Continuing Education: The Bedrock of The New School
When The New School was founded in 1919, it was established as a school of advanced adult education that brought creative scholars and citizens together to discuss and debate the key issues of the day.
Today, a dedication to lifelong learning is still at the heart of the university—and it’s what drove Sephora Markson Hartz to enroll in her first French class this summer.
There, Hartz is pursuing her passion for Francophone language and culture. Her classmates—a mix of working professionals and graduate students, native and nonnative English speakers, 20-somethings and retirees—are there for a variety of reasons, from professional advancement to intellectual enrichment.
“The New School was founded by academics who wanted to create a different type of intellectual and creative environment—one in which anyone who wanted to take part in radical inquiry could do so,” says Hartz, who, in addition to being a student, serves as the director of Marketing for Continuing Education at The New School. “Similarly, today, our classes are intended to provide a place for people to learn, no matter where they are in their lives and no matter what motivations they might have.”
Continuing Education classes at The New School are as diverse as the students who take them. There are courses in art and design at Parsons School of Design, music at Mannes School of Music, and foreign languages, writing, media studies, and other subjects at the Schools of Public Engagement—and that’s just a slice of the university’s ever-evolving curriculum. Students can enroll in credit and noncredit courses, pursue noncredit certificates, and participate in online learning.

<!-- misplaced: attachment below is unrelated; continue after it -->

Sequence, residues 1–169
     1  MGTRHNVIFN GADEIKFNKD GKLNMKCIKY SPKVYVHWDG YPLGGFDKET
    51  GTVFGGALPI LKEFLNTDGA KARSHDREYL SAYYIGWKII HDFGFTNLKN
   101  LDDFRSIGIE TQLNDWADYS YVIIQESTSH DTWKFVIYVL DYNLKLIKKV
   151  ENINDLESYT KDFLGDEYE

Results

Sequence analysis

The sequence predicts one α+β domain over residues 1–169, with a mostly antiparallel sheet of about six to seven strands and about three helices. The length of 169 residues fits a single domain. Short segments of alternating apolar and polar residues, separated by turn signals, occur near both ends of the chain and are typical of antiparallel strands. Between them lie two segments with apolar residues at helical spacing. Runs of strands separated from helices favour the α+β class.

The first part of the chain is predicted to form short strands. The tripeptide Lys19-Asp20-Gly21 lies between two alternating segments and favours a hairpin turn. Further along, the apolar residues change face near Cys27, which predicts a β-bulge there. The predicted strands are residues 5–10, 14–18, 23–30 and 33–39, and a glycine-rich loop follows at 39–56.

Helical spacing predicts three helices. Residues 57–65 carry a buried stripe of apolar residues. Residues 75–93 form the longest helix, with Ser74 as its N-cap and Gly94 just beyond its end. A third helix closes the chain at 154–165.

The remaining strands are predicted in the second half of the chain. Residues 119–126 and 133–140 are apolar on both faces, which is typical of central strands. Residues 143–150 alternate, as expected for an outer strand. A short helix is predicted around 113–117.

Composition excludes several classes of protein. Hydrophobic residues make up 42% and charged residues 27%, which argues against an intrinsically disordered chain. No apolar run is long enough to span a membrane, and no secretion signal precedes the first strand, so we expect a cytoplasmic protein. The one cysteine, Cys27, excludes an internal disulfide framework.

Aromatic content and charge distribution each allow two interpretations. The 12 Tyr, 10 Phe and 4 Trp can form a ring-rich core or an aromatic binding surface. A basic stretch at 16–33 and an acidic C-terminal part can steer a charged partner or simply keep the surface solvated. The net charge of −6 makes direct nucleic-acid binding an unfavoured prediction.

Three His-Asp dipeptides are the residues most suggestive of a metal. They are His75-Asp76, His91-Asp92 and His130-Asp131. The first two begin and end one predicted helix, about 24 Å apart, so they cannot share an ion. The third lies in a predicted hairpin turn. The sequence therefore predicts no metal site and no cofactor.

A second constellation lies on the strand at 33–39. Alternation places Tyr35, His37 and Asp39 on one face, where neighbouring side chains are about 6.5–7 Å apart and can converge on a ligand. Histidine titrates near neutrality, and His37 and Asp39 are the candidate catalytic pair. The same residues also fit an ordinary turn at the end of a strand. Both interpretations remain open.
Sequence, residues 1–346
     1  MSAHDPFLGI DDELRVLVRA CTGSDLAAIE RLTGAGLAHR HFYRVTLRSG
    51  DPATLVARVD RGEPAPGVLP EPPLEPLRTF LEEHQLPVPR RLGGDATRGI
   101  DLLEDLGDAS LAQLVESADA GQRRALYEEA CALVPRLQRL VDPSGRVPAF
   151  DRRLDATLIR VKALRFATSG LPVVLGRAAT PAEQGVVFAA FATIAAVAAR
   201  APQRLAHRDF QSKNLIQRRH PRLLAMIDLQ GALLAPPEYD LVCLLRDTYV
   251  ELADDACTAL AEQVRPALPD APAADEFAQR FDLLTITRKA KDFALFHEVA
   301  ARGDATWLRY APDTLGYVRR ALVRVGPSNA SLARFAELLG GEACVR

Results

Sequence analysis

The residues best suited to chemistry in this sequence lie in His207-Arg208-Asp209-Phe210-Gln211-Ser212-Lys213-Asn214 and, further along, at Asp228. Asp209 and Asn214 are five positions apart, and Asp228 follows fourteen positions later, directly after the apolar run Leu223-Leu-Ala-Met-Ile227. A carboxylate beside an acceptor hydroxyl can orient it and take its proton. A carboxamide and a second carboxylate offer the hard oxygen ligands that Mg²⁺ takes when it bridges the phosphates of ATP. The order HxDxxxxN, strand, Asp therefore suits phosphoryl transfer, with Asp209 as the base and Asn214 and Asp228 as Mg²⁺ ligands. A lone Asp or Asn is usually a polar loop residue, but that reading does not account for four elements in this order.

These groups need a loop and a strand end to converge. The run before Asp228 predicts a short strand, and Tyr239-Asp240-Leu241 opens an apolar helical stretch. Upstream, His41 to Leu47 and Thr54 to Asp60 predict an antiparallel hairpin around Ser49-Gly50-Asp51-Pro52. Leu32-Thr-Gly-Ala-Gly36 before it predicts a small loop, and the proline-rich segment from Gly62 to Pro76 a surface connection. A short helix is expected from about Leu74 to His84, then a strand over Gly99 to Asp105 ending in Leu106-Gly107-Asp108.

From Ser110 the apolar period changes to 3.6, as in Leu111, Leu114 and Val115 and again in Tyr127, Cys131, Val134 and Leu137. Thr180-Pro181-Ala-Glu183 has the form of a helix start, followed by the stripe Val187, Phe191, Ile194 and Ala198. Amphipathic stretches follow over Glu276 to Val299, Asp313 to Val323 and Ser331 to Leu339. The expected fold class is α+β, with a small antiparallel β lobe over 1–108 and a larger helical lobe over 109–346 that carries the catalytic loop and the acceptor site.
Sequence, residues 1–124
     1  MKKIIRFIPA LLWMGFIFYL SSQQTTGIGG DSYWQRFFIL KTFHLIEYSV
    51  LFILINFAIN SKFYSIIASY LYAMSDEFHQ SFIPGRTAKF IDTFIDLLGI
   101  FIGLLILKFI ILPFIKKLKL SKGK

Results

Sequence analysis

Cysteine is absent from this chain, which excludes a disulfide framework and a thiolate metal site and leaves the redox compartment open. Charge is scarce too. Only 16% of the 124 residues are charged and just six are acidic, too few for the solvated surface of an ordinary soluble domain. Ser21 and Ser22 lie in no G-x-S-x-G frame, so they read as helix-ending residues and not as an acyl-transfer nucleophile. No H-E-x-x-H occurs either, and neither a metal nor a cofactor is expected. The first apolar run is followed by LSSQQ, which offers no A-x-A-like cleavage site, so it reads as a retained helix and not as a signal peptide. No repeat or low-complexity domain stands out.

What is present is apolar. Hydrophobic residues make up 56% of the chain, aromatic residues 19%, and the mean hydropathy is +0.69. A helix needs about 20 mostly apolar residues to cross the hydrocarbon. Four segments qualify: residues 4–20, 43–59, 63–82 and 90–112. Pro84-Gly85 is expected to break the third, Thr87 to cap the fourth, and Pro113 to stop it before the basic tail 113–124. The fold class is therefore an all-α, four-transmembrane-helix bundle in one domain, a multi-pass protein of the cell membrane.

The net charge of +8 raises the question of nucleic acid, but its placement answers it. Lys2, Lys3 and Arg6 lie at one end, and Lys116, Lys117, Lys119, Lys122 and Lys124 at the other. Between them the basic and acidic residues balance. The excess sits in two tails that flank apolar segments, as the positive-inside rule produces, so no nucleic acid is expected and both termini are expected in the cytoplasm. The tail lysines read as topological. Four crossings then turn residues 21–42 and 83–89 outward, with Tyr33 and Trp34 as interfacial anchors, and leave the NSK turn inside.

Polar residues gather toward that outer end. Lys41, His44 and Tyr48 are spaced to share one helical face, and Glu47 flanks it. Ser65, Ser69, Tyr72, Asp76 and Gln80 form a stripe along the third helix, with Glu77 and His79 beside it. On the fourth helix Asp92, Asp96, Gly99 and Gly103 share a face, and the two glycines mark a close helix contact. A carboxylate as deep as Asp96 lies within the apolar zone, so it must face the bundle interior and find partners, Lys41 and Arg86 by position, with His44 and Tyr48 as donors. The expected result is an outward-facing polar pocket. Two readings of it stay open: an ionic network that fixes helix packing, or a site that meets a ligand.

Long an admirer of French culture, Hartz decided that this was the summer when she would commit to learning the language. In her classroom, she has met a dozen other students with the same goal but different backgrounds—a dynamic that has created an “engaging, amazing experience.”
“When you have somebody who is in a traditional, four-year undergraduate program committing their time to theory and you balance that out with someone in a similar field spending their day on practice, you have a fuller, richer understanding of the material you’re learning,” Hartz says.
Continuing education, Hartz adds, bolsters The New School’s interdisciplinary tradition.
“It opens doors for academic engagement that you don’t find when you’re secreted away, reading about a particular issue in a book,” she says. “Bringing different values and experiences to the table leads to a more enriching experience.”
Although The New School has grown into a world-renowned urban university with seven colleges, it has preserved, and nurtured, its continuing education program. Now there are 2,000 to 3,500 students a semester taking hundreds of classes in a variety of disciplines.
And as more and more people change careers—and explore and develop their creative interests—continuing education at The New School looks to be a tradition that will last for another 100 years.
“Graduating from college at 22 doesn’t mean your desire for learning and creative expression drops off,” Hartz says. “Learning is an ongoing experience; it’s not particular to a specific life stage, but significant and meaningful for all.”
For more information about current and future continuing education courses at The New School, visit newschool.edu/ce.